I'm studying $SU(N)$ gauge theory, but I'm confused.

Here(Gauge fields -- why are they traceless hermitian?), the reason why a gauge field is in the Lie algebra of a gauge group $G$ is that we have to cancel out the term which comes from the kinetic term by acting gauge transformation.

For simplification I want to use the $F_{\mu \nu}$. I know this transforms as $$ F_{\mu \nu} \to gF_{\mu\nu}g^{-1} $$ and it's called adjoint representation ($g\in G$). However, is it true that $F_{\mu \nu}$ belongs to the Lie algebra, just because it undergoes a change as an adjoint representation? In my understanding, adjoint representation means that an element of a certain set $x\in X$ changes $$ Ad(g)x=gxg^{-1} $$ and then $x$ does not have to be in $G$. For example we can show this act becomes representation: $Ad(g_1)Ad(g_2)=Ad(g_1g_2)$, even if $x\notin G$.

Anyway, my question is:

Why the adjoint representation has the important role for $A_{\mu}, F_{\mu \nu}\in$ (Lie algebra of $G$)?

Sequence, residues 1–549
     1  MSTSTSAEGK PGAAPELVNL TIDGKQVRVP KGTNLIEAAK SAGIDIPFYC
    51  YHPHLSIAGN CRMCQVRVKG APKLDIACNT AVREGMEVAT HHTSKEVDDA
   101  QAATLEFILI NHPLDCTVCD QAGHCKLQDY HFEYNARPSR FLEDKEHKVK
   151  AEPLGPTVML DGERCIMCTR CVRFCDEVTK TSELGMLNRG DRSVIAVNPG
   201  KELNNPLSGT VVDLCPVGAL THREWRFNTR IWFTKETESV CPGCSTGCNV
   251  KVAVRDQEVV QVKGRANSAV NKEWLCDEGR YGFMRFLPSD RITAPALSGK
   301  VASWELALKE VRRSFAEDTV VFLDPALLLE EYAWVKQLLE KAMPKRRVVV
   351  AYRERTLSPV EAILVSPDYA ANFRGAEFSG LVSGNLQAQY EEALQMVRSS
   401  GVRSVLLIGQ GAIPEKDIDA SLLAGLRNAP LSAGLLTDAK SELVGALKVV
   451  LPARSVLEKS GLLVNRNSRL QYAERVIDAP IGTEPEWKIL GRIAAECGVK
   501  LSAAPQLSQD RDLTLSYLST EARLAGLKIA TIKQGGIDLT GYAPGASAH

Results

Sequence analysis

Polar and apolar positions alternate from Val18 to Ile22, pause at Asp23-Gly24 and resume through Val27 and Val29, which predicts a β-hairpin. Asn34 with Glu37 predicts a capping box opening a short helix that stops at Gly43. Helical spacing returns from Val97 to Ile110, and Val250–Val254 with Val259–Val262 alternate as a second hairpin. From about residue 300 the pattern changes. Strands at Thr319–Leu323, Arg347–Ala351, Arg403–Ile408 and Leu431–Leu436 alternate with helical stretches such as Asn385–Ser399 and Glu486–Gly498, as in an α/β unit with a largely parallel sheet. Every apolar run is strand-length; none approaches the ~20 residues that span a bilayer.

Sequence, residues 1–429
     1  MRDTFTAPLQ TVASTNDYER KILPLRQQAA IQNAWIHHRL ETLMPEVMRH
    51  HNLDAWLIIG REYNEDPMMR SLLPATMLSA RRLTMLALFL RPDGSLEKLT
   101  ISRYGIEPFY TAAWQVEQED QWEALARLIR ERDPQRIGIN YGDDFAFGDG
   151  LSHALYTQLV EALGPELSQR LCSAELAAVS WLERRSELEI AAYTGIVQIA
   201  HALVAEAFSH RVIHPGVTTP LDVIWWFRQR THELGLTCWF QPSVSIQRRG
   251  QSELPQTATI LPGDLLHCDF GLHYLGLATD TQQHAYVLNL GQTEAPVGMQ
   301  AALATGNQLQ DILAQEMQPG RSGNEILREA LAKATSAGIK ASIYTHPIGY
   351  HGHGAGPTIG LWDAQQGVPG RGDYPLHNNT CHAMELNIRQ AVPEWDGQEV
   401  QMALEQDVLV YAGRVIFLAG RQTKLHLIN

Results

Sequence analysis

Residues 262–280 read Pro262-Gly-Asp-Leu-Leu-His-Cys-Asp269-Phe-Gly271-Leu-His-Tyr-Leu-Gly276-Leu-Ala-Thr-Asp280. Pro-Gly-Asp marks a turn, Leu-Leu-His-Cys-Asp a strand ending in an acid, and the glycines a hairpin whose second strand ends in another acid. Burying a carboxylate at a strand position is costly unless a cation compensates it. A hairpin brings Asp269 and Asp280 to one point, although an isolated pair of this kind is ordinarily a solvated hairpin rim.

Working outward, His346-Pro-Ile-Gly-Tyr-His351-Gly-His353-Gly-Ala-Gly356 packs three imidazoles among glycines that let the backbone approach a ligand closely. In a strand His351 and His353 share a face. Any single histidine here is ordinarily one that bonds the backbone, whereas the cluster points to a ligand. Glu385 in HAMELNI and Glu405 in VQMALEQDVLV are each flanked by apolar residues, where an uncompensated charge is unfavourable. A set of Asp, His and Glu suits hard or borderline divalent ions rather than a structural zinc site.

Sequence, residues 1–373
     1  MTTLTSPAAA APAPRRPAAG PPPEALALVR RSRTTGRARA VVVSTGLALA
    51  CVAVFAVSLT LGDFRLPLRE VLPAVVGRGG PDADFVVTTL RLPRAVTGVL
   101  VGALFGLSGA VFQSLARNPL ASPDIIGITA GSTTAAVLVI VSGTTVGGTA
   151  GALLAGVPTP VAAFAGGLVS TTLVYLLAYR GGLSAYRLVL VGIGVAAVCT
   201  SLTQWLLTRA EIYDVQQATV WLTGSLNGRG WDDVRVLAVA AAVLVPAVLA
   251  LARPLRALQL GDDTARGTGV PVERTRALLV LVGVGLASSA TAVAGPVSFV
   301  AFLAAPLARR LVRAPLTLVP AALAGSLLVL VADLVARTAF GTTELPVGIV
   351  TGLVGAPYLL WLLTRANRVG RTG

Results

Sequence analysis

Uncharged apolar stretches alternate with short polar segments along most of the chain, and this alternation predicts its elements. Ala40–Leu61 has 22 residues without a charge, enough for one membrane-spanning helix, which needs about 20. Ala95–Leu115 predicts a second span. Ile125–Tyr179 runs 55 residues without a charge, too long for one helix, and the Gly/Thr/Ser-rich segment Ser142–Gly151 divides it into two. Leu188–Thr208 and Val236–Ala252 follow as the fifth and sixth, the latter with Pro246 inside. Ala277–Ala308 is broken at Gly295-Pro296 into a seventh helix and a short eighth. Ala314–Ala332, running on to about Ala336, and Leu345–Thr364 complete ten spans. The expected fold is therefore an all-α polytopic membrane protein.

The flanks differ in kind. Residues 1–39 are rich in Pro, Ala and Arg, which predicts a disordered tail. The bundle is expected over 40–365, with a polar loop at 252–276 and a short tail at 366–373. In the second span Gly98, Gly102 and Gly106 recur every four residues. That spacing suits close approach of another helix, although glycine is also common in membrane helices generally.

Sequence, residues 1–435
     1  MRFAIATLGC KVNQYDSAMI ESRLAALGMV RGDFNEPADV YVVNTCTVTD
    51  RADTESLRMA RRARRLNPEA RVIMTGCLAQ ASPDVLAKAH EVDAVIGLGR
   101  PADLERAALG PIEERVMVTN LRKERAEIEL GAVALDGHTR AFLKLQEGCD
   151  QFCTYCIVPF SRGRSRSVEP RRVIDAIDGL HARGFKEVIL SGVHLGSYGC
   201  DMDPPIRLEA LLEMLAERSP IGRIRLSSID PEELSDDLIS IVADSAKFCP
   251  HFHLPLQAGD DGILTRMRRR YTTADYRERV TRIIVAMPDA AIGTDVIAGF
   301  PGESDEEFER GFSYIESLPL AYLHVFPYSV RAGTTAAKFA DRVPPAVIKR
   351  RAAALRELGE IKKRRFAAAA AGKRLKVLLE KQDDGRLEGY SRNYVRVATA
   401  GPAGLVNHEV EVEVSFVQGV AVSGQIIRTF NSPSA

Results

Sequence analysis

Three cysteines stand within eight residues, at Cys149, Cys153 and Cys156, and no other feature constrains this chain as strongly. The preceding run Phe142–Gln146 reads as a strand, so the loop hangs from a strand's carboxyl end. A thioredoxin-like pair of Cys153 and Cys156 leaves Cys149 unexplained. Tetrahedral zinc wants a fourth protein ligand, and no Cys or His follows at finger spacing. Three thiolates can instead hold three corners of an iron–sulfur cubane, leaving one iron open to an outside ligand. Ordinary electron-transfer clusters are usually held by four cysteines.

• $\begingroup$ The important thing is that $A_\mu$ is a Lie-algebra valued one-form $\endgroup$ Dec 4, 2020 at 7:38

1 Answer 1


The field strength $F_{\mu \nu}$ is a (local representation of) a Lie-algebra valued two-form. In components, it is often written as $F_{\mu \nu}^a$, where the $\mu \nu$ are the space-time indices (making it a two-form) and a is the Lie-algebra index. As such, it is indeed in the Lie-algebra.

However, it is not any Lie-algebra valued two form. Instead, it is the (local representation of) the covariant derivative of a special one-form, the connection one-form (whose local representation is usually denoted by $A_{\mu}$). This necessarily transforms in the adjoint representation. An intuitive reasoning for this can be found in this question (1).

This is the mathematical viewpoint. The physical viewpoint is that the adjoint rep gives the "correct" transformation, simply because of the way we have defined the field strength in non-abelian gauge theories. Specifically, the field strength is defined as (this definition comes from the differential geometry picture sketched above): $$ F_{\mu \nu} = \partial_{\mu}A_{\nu}-\partial_{\nu}A_{\mu}-i[A_{\nu},A_{\mu}] $$ And if you perform a gauge transformation of this object (as is done e.g. here (2), you find that it transforms in the adjoint representation.

(1)Why quarks in the fundamental and gluons in the adjoint? (2)https://www.worldscientific.com/doi/pdf/10.1142/9789813234192_0001


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